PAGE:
We were thrilled to offer for sale this wonderful bracelet, brooch and earring suite, by René Lalique. Offered to the market for the first time, having been bought as a ‘collier de chien’, or choker, by Mrs Evelyn St George from Lalique at the beginning of the 20th century and passed down through her family since. It was shortened at some point from the original choker into a bracelet, probably because chokers went out of fashion, and the leftover components were cleverly converted into a navette-shaped brooch and a pair of earstuds.
The bracelet retains its original Lalique signature and most importantly Lalique’s inimitable style. He created a few other chokers in this trelliswork pattern between 1900-10, with varying materials and motifs. This particular suite is an outstanding combination of his jewellery design and glasswork skills. Lalique’s interest in rock crystal and architectural glass led him to artistic experiments in those media. By 1910 he had established a glass factory at Combs-la-Ville, France, and in 1918 he acquired a larger factory at Wingen-sur-Moder, France, which is now the site of the Lalique Museum. An order for perfume bottles led him to develop that style of moulded glass with which he is generally associated: it is characterized by iced surfaces, elaborate or partially realistic patterns in relief, and occasionally applied or inlaid colour. His relief decoration was produced by blowing into moulds or by pressing. His new designs shown at the Paris Exhibition, 1925, greatly enhanced his reputation. Used for luxury articles, Lalique glass was the height of fashion during the 1920s.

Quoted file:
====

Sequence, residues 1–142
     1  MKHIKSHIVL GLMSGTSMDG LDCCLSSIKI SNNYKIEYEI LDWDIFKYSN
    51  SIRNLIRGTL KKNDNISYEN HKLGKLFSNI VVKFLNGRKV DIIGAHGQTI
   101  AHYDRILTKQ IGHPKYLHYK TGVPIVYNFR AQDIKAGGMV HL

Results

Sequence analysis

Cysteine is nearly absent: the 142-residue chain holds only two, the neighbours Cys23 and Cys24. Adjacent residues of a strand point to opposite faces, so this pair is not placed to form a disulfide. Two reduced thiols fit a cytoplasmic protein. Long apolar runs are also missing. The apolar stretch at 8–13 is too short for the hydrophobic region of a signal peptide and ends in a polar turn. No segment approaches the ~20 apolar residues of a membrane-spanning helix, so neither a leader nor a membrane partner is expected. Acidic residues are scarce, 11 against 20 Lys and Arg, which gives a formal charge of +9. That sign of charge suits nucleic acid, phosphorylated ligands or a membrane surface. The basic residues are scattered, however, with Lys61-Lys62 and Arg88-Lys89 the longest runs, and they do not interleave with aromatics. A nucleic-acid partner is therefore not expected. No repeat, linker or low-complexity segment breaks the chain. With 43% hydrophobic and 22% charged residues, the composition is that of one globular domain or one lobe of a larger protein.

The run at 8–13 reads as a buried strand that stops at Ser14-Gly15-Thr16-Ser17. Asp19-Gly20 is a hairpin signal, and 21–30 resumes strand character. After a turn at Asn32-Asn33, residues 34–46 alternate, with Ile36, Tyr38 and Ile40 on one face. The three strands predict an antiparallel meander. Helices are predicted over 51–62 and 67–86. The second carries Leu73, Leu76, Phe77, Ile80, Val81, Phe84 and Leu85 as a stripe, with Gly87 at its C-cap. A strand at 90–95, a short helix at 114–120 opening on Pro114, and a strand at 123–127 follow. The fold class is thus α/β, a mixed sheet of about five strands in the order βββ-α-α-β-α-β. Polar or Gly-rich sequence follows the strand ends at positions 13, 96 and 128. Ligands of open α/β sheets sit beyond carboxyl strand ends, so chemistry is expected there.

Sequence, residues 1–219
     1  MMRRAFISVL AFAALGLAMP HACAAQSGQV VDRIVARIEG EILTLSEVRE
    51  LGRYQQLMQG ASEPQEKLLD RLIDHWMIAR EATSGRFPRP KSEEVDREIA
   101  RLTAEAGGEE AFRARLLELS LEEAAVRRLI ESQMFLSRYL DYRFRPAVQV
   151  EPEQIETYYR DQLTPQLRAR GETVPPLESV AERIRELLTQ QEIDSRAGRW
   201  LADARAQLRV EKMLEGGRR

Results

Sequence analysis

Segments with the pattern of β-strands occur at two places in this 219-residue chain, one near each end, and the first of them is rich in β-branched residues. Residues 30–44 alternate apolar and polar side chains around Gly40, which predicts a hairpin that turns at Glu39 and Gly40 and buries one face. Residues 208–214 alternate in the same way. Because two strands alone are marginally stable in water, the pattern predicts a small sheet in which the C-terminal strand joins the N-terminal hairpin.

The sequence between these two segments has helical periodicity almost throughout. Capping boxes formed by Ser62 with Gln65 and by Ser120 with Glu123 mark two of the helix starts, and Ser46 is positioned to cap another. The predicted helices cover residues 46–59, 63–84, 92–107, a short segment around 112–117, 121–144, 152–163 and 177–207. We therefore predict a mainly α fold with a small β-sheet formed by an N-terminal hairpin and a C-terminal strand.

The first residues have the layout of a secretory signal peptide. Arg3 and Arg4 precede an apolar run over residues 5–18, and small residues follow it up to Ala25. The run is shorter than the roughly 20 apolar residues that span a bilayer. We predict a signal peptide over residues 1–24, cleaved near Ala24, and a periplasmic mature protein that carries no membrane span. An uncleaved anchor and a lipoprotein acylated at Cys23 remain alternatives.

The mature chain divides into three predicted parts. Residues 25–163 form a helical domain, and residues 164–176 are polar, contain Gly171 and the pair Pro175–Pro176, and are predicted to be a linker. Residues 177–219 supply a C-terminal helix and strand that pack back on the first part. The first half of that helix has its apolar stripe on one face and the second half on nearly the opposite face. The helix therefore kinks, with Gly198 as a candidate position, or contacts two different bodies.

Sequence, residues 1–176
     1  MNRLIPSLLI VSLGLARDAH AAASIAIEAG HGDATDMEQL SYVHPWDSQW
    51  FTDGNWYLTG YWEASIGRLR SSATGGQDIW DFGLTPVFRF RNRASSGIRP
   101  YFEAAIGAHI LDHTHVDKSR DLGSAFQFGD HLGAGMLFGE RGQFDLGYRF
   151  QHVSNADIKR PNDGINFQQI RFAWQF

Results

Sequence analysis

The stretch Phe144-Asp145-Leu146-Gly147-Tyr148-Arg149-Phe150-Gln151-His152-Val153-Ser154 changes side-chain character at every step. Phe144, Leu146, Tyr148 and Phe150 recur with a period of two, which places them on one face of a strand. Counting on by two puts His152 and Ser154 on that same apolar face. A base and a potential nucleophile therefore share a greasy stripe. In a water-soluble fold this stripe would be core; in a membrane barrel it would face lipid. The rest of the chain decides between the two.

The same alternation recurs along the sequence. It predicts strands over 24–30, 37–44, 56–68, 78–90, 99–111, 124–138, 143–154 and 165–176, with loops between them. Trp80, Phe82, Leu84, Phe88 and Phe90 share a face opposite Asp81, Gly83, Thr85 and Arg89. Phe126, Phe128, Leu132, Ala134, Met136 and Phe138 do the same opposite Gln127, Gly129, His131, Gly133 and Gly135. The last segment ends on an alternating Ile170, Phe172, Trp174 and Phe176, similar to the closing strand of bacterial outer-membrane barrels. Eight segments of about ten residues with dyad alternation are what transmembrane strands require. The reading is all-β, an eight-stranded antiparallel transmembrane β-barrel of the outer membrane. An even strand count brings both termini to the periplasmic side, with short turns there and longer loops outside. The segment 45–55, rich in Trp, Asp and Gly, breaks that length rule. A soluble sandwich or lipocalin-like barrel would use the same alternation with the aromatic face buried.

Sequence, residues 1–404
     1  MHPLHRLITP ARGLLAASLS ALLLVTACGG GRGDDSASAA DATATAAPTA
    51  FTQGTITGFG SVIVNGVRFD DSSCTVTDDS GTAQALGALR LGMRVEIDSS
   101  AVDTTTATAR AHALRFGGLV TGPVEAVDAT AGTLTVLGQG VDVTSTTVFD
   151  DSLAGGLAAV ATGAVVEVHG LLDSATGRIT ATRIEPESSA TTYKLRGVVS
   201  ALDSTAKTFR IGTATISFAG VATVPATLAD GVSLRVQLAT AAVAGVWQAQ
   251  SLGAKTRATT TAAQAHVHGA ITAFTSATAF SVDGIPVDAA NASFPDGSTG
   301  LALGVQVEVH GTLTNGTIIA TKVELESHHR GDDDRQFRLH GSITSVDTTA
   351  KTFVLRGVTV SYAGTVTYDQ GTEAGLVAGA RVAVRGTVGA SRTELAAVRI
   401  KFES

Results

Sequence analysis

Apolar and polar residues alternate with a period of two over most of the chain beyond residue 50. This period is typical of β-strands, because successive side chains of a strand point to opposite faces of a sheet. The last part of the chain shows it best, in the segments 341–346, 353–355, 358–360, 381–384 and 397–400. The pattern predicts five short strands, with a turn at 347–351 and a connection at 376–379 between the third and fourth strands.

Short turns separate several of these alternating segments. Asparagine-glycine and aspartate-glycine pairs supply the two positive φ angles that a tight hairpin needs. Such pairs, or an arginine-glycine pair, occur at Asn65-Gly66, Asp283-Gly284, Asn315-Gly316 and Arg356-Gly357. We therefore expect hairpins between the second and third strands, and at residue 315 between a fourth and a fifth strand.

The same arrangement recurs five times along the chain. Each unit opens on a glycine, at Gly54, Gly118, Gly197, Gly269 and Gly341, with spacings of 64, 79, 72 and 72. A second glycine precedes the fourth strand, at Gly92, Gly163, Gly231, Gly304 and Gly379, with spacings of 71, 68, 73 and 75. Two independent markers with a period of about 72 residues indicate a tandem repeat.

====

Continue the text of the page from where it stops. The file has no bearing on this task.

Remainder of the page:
Mrs. Florence Evelyn St George (nee Baker), 1870- 1936 was one of the most celebrated and talked about socialites of her time. Born in New York in 1870, her father, George Fisher Baker, was the founder of the First National Bank of the City of New York and at one point the third richest man in America. At twenty-one, Evelyn married the Irish land agent Howard St George against her fathers wishes, and in 1905 the couple moved to Dublin. It was here that Evelyn’s life would take a dramatic turn when she was introduced to the artist William Orpen.
William Orpen was a celebrated Irish artist working primarily in London, most known for his Edwardian society portraits. During World War I, Orpen worked as a war artist and achieved such success in this that he was knighted in 1918. St George and Orpen began a passionate and very public affair from about 1908, which is documented in numerous paintings of her by the artist throughout the time of their affair. She became not only his muse but his patron, commissioning numerous portraits of herself and of her children, one of which allegedly was fathered by Orpen.
Visually the couple made for much gossip, as she was a foot taller and eight years older, something that Orpen did not shy away from commenting on in his humorous sketches of the couple enjoying their time together. Evelyn was a fashionable woman, wearing exotic hats and fine jewels. In fact, she took yearly visits to Paris with her brother George to purchase all the latest fashions. During these trips, she would frequent luxury jewellers of the period such as René Lalique, where she would commission unique and beautiful pieces.